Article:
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Causes of Venous Disorders
Varicose and spider veins are very common, affecting over 50% of women and 20% of men in Western communities. There is no single cause of these veins however the following risk factors have been identified
Varicose veins frequently run in families and may be related to a hereditary weakness of the connective tissue (found in the vein wall and valves).
Veins tend to dilate with age and pressure from standing over many years. Combined with factors such as obesity and inactivity which often accompany advancing years, there is an increased risk of varicose veins.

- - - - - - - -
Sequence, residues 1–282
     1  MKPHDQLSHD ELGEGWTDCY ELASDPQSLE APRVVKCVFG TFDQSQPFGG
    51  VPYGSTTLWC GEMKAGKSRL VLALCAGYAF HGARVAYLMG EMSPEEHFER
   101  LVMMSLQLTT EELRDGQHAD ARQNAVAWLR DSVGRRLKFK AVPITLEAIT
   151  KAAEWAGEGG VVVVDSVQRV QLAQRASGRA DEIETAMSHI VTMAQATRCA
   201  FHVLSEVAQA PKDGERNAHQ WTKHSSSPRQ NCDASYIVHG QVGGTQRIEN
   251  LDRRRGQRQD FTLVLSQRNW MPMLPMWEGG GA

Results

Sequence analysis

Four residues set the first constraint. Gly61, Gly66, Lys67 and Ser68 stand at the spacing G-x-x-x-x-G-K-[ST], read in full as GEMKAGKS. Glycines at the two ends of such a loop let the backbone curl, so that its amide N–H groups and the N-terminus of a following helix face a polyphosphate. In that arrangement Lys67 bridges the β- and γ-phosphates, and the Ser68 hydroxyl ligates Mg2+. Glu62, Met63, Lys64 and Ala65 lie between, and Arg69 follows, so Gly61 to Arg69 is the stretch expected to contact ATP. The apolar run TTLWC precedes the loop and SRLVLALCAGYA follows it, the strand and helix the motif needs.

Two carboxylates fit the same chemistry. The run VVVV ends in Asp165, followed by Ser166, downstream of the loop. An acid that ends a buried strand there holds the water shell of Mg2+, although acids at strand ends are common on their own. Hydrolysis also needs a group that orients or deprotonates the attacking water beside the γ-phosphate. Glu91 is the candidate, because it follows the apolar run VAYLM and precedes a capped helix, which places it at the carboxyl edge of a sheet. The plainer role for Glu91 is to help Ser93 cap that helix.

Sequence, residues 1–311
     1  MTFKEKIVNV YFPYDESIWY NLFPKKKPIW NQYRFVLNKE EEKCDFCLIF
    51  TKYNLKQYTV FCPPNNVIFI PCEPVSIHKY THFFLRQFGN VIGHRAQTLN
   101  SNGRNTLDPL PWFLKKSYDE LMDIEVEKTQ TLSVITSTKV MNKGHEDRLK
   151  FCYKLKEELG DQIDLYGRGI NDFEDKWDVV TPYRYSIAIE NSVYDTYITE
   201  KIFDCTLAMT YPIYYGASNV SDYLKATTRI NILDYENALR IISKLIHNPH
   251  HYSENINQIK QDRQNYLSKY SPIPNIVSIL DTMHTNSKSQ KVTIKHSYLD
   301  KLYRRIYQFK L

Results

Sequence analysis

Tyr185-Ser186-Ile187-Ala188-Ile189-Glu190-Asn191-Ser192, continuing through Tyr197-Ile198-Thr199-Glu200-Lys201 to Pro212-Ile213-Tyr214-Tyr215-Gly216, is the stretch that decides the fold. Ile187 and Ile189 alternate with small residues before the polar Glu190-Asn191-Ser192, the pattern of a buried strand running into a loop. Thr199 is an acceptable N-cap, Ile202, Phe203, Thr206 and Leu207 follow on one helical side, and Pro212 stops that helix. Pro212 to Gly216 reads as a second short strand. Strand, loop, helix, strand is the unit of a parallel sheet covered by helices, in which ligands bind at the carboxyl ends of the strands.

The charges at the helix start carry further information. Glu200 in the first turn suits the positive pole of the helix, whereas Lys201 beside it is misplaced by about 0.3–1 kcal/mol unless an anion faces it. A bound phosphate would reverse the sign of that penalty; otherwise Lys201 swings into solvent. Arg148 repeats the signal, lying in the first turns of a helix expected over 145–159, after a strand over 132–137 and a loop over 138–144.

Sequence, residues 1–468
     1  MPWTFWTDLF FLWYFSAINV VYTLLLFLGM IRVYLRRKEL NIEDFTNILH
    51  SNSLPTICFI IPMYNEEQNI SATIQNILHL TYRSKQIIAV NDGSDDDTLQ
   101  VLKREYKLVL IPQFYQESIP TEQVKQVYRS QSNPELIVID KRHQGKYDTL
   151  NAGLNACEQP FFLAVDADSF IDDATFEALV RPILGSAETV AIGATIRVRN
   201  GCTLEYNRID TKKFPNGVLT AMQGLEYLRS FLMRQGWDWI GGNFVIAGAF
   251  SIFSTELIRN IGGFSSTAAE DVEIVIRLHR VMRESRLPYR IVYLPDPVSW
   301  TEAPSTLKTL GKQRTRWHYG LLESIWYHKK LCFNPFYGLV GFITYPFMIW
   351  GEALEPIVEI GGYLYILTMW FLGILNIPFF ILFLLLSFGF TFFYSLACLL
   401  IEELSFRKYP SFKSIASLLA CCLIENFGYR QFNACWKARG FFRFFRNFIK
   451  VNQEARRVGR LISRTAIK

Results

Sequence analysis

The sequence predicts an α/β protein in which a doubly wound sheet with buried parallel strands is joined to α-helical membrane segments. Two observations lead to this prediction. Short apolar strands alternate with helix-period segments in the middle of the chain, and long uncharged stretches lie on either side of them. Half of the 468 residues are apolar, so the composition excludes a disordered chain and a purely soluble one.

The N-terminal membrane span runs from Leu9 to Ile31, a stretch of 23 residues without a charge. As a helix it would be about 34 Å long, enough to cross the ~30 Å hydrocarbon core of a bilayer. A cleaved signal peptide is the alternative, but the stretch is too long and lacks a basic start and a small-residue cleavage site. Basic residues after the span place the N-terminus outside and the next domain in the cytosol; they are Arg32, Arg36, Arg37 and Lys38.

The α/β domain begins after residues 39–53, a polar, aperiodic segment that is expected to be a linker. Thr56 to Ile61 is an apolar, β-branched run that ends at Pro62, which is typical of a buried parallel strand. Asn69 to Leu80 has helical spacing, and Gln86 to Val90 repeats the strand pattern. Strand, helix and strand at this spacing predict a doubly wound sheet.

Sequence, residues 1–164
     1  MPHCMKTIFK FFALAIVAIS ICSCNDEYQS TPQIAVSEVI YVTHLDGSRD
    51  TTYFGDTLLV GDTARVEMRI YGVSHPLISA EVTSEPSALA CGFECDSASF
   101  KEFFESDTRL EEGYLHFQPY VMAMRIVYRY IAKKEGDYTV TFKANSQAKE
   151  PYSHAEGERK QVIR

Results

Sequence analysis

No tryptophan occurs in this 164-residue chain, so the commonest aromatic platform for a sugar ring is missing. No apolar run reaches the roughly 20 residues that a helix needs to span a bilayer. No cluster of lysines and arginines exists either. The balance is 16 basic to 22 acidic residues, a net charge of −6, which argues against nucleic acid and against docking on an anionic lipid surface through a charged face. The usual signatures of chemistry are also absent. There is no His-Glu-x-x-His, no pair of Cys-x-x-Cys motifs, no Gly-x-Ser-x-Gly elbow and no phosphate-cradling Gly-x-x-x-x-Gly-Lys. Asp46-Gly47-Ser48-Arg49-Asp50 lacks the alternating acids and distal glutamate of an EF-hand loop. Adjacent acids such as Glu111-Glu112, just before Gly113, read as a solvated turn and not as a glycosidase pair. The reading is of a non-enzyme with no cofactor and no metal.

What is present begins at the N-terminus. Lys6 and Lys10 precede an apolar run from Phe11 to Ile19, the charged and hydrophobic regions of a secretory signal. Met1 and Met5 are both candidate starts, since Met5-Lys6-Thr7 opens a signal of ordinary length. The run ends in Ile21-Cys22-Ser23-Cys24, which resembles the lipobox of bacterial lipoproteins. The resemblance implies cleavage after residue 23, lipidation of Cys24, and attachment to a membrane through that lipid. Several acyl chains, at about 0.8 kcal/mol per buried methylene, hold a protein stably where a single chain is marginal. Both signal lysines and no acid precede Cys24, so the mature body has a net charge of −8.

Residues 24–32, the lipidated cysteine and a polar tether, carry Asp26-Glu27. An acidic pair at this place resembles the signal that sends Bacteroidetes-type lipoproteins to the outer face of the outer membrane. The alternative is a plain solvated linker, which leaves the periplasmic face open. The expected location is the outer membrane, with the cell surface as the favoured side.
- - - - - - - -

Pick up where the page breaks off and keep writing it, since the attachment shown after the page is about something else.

Increased pressure is placed on veins.
Increased blood volume, relaxation and dilatation of veins due to the hormone progesterone and pressure from the expanding uterus predispose to the formation of varicose veins.
The muscle pumps of the legs aid venous return so inactivity will decrease blood flow leading to pooling of blood and dilatation of veins.
Previous deep venous thrombosis
As outlined above this may cause damage to the deep veins of the legs, leading to increased pressure in superficial veins and the formation of varicose veins.
Many other factors such as constipation, dietary factors, lifestyle factors and connective tissue disorders may play a role in the development of varicose veins. Rarely, congenital disorders may be associated with venous problems.